Vigil Honors Manchester Victims; Across The Globe

Around the world, people expressed their condolences for the victims of the Manchester bomb attack. 

The bombing Monday night at an Ariana Grande concert in Manchester killed 22 people and 59 other people were wounded, including some who suffered life-threatening injuries, officials said.

ISIS claimed responsibility for the attack but provided no evidence and neither U.S. nor British officials have corroborated that.

Thousands of people gathered in the city’s center on Tuesday evening to show the victims of the arena terror attack that wherever they are from, “they are Manchester too”.

People in the crowd held up signs with “I Love MCR,” an abbreviation for Manchester.

Albert Square, usually packed by Mancunians celebrating Premier League victories or national holidays, was filled with supporters of the city who came to show their defiance against the terror sown at a Ariana Grande concert less than 24 hours earlier.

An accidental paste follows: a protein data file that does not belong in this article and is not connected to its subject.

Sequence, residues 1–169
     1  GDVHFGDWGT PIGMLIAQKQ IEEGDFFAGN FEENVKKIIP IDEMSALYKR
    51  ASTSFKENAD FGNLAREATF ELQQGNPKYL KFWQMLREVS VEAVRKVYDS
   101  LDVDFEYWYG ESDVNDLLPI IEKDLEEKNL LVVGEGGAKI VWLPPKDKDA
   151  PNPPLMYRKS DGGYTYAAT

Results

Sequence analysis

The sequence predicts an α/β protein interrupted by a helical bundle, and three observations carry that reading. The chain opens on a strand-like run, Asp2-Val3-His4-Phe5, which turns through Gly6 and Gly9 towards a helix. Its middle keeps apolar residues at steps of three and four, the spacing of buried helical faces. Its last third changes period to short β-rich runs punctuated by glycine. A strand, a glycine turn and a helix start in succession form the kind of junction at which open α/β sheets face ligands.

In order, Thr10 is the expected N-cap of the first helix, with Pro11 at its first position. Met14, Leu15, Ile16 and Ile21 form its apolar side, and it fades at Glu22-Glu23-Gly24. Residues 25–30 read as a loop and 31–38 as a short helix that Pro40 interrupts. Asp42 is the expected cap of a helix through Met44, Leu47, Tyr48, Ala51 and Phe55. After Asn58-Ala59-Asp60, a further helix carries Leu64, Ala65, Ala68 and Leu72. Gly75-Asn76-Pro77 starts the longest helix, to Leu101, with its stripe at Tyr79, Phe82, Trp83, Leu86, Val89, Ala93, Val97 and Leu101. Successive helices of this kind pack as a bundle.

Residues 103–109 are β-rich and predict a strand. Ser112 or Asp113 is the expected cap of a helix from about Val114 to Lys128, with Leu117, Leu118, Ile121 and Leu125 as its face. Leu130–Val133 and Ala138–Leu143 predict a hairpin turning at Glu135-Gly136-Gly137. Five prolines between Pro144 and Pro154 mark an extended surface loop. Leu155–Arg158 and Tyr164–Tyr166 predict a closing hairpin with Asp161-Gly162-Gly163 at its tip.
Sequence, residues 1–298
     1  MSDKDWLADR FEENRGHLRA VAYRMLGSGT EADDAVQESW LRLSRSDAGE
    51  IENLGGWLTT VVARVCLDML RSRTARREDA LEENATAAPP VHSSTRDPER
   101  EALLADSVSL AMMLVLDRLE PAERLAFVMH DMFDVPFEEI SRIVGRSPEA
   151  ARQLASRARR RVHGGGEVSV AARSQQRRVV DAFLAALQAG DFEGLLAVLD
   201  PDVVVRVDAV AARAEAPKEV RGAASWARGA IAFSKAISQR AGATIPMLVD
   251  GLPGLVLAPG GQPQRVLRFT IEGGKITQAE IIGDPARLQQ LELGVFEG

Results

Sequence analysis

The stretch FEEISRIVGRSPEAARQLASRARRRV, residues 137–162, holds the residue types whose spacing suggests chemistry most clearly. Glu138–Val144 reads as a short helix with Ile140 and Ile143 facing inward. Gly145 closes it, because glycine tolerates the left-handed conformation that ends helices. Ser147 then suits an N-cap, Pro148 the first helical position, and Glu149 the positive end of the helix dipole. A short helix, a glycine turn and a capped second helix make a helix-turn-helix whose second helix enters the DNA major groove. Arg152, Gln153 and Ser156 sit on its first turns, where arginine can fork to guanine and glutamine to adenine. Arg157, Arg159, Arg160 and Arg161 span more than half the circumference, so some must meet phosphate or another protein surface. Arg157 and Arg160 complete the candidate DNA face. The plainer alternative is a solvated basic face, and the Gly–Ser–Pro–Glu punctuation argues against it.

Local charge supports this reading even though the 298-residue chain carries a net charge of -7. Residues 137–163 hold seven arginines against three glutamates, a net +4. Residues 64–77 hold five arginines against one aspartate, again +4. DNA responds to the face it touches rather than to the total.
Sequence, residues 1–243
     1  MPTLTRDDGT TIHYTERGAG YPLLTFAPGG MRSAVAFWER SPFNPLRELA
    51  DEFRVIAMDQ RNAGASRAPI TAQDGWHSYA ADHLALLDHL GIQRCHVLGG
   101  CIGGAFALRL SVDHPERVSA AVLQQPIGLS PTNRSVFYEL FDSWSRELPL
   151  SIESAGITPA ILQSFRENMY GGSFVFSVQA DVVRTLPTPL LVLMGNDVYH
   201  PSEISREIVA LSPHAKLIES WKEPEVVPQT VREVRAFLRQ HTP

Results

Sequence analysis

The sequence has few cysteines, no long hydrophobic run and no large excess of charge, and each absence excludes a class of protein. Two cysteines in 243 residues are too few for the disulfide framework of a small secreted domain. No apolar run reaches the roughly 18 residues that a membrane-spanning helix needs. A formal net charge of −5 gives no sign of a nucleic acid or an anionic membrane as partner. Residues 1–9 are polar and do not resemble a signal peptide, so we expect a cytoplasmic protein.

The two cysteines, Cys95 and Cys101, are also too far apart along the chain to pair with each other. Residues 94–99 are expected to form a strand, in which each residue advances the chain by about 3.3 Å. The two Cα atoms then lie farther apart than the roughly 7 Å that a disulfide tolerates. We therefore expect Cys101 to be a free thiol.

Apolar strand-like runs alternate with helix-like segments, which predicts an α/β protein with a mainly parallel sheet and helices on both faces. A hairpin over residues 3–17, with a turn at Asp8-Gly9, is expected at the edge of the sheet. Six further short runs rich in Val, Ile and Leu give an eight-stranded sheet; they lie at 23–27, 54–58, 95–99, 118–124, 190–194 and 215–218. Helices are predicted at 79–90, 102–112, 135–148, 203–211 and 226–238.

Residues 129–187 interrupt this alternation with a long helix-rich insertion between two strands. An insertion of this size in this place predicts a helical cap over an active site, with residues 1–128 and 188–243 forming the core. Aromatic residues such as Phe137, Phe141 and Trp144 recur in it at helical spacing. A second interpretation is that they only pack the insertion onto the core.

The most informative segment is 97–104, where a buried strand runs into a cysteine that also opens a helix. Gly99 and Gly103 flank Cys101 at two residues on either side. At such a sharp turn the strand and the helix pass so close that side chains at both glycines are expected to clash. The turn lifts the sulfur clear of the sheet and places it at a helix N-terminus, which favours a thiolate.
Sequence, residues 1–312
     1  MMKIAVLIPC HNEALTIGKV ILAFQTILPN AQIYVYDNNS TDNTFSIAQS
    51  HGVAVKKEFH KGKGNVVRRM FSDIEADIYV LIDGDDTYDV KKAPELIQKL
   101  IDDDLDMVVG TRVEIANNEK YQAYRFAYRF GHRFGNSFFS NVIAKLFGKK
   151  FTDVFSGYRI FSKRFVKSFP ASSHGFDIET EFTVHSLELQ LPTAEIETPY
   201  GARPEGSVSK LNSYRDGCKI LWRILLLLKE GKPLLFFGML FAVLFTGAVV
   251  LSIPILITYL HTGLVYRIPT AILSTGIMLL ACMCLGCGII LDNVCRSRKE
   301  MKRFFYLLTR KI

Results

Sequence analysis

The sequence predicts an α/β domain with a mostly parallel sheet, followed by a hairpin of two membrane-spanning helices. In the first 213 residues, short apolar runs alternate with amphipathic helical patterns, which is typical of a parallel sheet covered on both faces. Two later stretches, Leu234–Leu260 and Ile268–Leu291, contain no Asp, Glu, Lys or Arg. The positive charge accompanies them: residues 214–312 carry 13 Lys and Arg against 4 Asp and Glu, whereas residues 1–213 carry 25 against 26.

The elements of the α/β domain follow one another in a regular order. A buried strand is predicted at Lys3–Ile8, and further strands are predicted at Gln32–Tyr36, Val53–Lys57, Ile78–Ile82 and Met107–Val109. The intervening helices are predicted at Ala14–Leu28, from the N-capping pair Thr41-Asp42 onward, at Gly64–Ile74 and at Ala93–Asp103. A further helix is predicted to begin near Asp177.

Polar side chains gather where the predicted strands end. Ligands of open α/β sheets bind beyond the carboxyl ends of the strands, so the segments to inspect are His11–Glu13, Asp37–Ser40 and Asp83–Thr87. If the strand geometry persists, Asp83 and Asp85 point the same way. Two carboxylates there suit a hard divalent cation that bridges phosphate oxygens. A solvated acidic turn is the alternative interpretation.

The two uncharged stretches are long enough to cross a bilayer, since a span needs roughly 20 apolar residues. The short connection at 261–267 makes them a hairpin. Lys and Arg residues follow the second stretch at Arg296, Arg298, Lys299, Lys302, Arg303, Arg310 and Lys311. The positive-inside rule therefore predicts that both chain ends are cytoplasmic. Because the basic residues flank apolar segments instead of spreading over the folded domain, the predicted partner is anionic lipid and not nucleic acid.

They came to prove, as the city’s bishop put it, that “love is always stronger than hate”.

Around the world, people expressed their condolences for the victims of the Manchester bomb attack.

In Rome, the lights at the Colosseum, Trevi Fountain and city hall were turned off — as were the lights at the Eiffel Tower in Paris.

Around the world, people expressed their condolences for the victims of the Manchester bomb attack.

At New York’s Yankee Stadium, “God Save the Queen” was played along with “The Star-Spangled Banner” before the New York Yankees played the Kansas City Royals.

On Wednesday, there will be a minute of silence before Manchester United plays Ajax in soccer’s Europa League final.

 

 

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